Saucer Country

From Wikipedia, the free encyclopedia
Jump to: navigation, search
Saucer Country
Cover to Saucer Country #1.
Publication information
Publisher Vertigo
Schedule Monthly
Format Ongoing series
Genre Sci-fi, Political Thriller
Publication date March 2012 - April 2013
Number of issues 14
Creative team
Writer(s) Paul Cornell
Artist(s) Ryan Kelly
Letterer(s) Sal Cipriano
Colorist(s) Giulia Brusco
Creator(s) Paul Cornell
Ryan Kelly
Editor(s) Will Dennis

Saucer Country is a discontinued UFO mythology comic book series written by Paul Cornell and drawn by Ryan Kelly, published by Vertigo in 2012 and 2013. The series is about a US presidential candidate, Governor Alvarado, who has come to believe she may have been abducted by aliens.[1] The series began publication in March 2012[2][3] The series is a blend of a political environment and stories of aliens and UFOs.[1]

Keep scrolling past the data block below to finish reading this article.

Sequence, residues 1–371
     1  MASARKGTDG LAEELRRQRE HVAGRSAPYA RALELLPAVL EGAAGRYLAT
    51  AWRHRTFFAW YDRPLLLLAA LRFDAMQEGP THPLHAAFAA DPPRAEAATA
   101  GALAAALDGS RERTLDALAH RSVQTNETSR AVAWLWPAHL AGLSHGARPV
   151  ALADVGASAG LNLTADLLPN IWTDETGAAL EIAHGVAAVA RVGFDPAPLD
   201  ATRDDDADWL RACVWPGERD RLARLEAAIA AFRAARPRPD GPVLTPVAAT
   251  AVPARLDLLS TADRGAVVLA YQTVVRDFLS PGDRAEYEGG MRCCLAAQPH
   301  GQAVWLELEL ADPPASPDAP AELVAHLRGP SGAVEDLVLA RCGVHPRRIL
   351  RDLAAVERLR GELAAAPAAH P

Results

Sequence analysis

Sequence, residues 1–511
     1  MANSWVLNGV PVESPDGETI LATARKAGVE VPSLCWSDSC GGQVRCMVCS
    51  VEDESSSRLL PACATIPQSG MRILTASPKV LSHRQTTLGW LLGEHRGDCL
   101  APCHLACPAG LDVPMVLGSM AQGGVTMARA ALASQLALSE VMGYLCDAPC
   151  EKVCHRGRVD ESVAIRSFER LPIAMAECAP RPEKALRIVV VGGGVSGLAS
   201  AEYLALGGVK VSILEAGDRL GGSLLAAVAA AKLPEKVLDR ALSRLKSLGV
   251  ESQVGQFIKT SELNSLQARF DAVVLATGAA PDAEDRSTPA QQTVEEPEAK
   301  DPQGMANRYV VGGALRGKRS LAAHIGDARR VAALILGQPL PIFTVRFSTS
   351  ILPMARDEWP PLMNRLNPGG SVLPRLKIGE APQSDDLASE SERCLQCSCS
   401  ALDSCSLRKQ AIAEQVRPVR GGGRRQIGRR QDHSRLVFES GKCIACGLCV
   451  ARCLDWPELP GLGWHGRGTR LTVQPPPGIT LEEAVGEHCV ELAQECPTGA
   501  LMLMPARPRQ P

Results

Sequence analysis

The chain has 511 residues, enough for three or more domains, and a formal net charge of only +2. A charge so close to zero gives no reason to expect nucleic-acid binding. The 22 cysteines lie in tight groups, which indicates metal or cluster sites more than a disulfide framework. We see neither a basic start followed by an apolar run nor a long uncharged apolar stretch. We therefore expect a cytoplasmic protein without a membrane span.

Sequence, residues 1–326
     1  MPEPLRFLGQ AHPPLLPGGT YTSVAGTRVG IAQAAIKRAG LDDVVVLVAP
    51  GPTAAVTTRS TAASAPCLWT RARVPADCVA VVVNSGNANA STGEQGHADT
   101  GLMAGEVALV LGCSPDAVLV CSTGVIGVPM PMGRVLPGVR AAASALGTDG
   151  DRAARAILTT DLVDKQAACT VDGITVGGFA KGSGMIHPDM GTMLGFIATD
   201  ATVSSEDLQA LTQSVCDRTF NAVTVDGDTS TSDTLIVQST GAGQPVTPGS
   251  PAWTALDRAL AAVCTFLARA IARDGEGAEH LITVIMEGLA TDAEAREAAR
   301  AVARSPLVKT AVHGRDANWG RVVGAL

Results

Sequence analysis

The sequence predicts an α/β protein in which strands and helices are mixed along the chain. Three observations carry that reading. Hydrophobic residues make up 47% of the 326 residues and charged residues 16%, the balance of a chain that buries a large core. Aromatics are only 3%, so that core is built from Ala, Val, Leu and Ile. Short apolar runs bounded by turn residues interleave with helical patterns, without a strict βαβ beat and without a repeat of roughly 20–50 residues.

Overview[edit]

The main plot of Saucer Country is about Arcadia Alvarado- the Hispanic governor of New Mexico, now running for presidency. Arcadia believes that she had been abducted by aliens one night, and embarks on a mission to get to the bottom of the mystery while running for the position of President at the same time.[1][4]

Describing the series on his website, Cornell wrote-[5]

Saucer Country is a trip through UFO mythology, a subject I've always been fascinated with. It's a dark, suspenseful, serious thriller with, I hope, some warm, very human characters at the heart of it.

The series also features short stand-alone stories besides the main plot. These stories are "true stories"- accounts of people who claim to have been abducted by aliens.[6]